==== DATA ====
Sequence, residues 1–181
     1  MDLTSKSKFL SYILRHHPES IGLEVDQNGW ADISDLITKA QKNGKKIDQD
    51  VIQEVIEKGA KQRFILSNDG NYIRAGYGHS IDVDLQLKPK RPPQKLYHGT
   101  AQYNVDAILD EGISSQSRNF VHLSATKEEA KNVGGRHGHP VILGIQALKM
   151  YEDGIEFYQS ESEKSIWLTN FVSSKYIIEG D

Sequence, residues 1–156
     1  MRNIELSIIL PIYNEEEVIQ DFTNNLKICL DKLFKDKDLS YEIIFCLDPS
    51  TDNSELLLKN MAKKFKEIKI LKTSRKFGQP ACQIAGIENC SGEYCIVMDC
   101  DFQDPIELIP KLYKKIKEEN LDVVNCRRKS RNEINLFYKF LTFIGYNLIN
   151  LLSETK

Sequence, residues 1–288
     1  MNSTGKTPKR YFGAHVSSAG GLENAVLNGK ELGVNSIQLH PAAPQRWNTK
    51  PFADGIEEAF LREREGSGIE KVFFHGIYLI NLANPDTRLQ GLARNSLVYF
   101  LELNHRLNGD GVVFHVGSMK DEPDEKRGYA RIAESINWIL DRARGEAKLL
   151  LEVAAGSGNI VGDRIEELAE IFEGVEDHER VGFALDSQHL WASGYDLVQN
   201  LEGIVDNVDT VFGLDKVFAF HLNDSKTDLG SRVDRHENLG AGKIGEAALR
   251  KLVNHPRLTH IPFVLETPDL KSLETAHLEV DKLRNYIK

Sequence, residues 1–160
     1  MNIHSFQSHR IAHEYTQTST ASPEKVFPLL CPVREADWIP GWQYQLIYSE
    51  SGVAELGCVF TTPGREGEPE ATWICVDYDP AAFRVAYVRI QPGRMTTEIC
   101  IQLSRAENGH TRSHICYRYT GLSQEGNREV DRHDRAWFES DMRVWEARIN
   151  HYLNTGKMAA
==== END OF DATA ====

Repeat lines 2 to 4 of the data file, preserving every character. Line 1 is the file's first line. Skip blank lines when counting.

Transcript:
     1  MDLTSKSKFL SYILRHHPES IGLEVDQNGW ADISDLITKA QKNGKKIDQD
    51  VIQEVIEKGA KQRFILSNDG NYIRAGYGHS IDVDLQLKPK RPPQKLYHGT
   101  AQYNVDAILD EGISSQSRNF VHLSATKEEA KNVGGRHGHP VILGIQALKM